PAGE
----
The lead story in today's Akron Beacon Journal and on last night's News Night Akron is State Kevin Coughlin either launching or joining a campaign to oust Alex Arshinkoff as GOPper di tutti GOPper in Summit County. There are actually two stories available from the Beacon -- the one posted on Ohio.com yesterday and today's lead, fleshed out with some interviews and response from Arshinkoff himself.
Coughlin announced the campaign by sending a letter to party leaders that outlines his complaints against Arshinkoff. Whatever Coughlin writes in his letters, the bottom line is there can be only one king of the mountain and right now Coughlin isn’t it. The blimp hanger isn”t big enough to simultaneously hold the egos and outsized ambitions of these two men. Still, the letter is instructive. Here's Coughlin's main theme.
- Chairman Alex Arshinkoff’s classic bunker-mentality style of leadership is the root cause of this decline. In short, he is too paranoid, too vindictive, too manipulative, too untrustworthy, and too erratic to continue leading our party.
Coughlin’s 95 theses touch on the essence of Arshinkoff, but don’t delve into the particular’s. Alex’s exercises dominion over his fiefdom by controlling money and political jobs. His most embarrassing recent public feuds – the fishing expedition at Oriana House, the Who’s Your Daddy obstruction of expanding the county judiciary – have aimed and either expanding or protecting his power base. And when he locks horns with a widely popular official like Judge Mary Spicer, well, it’s just Alex being Alex.
But then, the fortunes of the Republican Party turned. The strike at Alex brings to mind the end of Bobby Knight’s tenure at Indiana. While he was winning, the school would tolerate pretty much any level of abuse from Coach Knight. But when the team started bowing out in the first round of the Tourney to the likes of Pepperdine, he was no longer worth the price.
So it has been for Arshinkoff. People put up with him because he won, period. Now that he’s not winning it's not surprising that people are questioning whether he's worth keeping around.
An honest assessment of the reversal of fortune would acknowledge the myriad forces beyond Arshinkoff’s control: The scandal-ridden state party, the bloody mess in Iraq, a statewide economy in shambles coupled with a local economy doing comparatively well under Democratic rule. Alex acknowledges the challenges in today's ABJ story. I would add to that a resurgent county Democratic Party which had finally moved beyond the shock of losing much of the union base.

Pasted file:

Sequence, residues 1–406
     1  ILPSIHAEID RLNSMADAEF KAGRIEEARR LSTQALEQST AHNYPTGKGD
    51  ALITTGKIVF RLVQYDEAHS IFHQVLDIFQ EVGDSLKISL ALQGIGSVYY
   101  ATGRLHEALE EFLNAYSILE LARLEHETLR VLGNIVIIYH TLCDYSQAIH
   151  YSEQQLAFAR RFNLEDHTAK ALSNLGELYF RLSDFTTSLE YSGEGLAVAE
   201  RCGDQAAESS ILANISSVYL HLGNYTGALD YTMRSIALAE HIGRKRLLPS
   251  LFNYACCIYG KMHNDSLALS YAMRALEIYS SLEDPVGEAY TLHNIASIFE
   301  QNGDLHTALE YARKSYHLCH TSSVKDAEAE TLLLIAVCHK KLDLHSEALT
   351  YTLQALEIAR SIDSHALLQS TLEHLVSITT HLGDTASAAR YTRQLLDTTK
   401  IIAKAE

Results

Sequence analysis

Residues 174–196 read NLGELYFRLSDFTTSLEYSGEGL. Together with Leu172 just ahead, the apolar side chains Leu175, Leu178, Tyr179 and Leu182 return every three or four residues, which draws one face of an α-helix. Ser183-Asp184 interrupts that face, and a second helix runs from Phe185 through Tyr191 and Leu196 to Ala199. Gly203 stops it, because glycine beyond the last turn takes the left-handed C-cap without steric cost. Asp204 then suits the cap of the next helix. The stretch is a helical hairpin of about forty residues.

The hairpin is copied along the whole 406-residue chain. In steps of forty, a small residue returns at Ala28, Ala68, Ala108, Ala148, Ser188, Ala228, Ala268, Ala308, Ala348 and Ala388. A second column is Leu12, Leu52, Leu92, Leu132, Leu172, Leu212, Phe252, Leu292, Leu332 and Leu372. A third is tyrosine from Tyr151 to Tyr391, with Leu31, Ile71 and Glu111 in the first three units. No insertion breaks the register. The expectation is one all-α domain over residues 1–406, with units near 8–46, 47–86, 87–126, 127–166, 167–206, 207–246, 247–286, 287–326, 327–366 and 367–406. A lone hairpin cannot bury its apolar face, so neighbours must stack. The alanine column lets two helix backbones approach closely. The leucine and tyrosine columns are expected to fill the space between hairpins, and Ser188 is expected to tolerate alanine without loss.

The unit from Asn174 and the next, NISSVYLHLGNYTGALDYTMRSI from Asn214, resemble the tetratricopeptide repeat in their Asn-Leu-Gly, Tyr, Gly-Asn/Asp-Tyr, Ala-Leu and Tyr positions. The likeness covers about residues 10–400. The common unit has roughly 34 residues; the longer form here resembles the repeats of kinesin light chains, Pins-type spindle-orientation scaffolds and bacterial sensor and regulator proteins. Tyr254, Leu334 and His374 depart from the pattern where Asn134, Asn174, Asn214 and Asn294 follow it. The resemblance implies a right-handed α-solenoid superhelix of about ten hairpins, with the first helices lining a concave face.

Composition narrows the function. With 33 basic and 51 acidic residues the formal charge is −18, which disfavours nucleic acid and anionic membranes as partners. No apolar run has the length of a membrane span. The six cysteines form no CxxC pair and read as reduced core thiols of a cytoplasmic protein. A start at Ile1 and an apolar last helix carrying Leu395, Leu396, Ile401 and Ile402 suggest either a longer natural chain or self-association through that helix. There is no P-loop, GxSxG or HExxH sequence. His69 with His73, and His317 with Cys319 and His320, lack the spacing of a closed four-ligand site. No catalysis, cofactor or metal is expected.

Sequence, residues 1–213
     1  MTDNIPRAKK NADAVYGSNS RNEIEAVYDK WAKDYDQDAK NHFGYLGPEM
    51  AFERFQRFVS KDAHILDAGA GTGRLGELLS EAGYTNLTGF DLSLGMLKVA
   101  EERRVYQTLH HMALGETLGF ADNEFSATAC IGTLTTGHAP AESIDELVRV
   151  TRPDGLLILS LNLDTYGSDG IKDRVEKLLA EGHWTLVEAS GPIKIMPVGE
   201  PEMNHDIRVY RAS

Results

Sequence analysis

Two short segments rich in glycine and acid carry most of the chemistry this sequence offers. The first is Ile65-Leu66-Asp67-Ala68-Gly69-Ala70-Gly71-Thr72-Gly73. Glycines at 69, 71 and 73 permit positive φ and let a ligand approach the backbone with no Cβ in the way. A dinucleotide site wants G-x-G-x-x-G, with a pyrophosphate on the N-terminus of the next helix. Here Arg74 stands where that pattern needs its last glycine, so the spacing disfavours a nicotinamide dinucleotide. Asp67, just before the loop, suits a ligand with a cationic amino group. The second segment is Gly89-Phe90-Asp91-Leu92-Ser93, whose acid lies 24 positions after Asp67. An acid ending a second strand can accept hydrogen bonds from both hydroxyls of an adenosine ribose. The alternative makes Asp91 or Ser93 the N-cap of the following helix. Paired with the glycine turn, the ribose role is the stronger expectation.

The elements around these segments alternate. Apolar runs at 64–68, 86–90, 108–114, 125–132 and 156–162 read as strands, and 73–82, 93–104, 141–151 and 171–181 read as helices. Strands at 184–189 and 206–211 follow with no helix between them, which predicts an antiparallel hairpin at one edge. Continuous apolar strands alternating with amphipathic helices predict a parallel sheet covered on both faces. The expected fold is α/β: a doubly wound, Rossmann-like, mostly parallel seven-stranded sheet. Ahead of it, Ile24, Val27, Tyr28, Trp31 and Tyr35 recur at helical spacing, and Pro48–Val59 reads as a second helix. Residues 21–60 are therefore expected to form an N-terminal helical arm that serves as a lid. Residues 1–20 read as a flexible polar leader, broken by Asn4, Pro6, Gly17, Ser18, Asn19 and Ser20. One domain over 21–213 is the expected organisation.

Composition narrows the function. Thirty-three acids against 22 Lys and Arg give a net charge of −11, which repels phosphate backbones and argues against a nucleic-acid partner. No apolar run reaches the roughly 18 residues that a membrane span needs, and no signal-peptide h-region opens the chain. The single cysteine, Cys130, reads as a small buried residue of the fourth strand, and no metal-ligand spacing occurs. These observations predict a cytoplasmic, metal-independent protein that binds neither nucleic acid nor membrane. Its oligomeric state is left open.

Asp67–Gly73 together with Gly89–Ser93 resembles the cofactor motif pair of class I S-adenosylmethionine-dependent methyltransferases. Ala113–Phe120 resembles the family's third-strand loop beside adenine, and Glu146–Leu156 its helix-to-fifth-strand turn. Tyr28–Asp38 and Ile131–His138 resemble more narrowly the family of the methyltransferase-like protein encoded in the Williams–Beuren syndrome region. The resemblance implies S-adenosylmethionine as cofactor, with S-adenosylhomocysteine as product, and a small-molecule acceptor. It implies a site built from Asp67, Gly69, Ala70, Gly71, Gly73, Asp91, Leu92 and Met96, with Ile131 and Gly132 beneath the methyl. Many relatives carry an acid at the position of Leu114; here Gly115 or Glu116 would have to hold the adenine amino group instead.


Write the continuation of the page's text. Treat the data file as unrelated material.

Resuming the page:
Alas, no. In Coughlin fashion, in the end it’s the fault of the Democrats:
- More and more, Alex appears to be the dancing bear on a chain held firmly by the local Democratic Party. He’s endorsed a Don Plusquellic-led effort to hike the income tax. He’s refused to run a candidate against Plusquellic in this year’s mayoral election. He has cut deals with Democratic Party leaders to allow vulnerable Democrats to run unopposed, and is rumored to be making a similar
deal for 2008.
Alex’s response to this on AkronNewsNow is surrealistic spin:
- He defended working with local Democrats, in particular not fielding a GOP challenger to Akron Mayor Don Plusquellic at this time, citing the need to have an influential player in City Hall at this time to lead efforts to keep Goodyear in the city and preserve local jobs. Arshinkoff noted that with Democrats holding virtually all state executive positions in Columbus (the lone exception is State Auditor Mary Taylor), and the uncertainty of the 2008 U.S. Presidential election where Democrats may take back the White House while holding both houses of Congress, it was more important for Summit County to have powerful voices with a local agenda that could be heard in both Columbus and Washington.
I don’t know why Alex supported the income tax hike, but I can guess. Alex’s power comes from fundraising, especially from business people. The income tax hike was going in large part toward “economic development” projects, the sorts of projects that many of those business contributors would stand to benefit from. It’s a theory.
As for not running a candidate against Plusquellec, the Republicans aren’t running because they would lose. Alex fired everything he had at Plusquellec in 2003 and hardly made a dent. He had a name candidate in term-limited Representative Bryan Williams, worked the primary to make sure there was lots of money and ran hard. Plusquellec responded by calling out Arshinkoff in his announcement speech and running both on his own record and against Arshinkoff Republicans, to the extent he had to run at all. The net result was a 70%-30% shellacking. If Coughlin were serious about carefully spending resources, he too would leave that one be.
With regard to the other deals with Democrats Coughlin cites, the most high-profile one was the agreement not to run against Prosecutor Sherri Bevan Walsh in exchange for the Dems not running against Sheriff Drew Alexander in 2004. The scuttlebutt was that Arshinkoff wanted to spend money on the national race, as opposed to defending one office and take on a reasonably strong incumbent in another. In the end Alex got the better end of the deal. Alexander had no opponent, but Republican David Drew ran against Walsh as an independent. And it certainly doesn’t look like Drew suffered for breaking the deal – he was able to run for an at-large seat on County Council – that race appears on Coughlin’s list of Arhinkoff losses.
It’s a well-worn political trick to paint an interparty rival as too close to the other guys. But don’t buy it. Arshinkoff is a partisan and self-motivated and devious as ever.
Meanwhile, this has the makings of an all-out interparty war, with lots of interesting collateral damage. Stay tuned.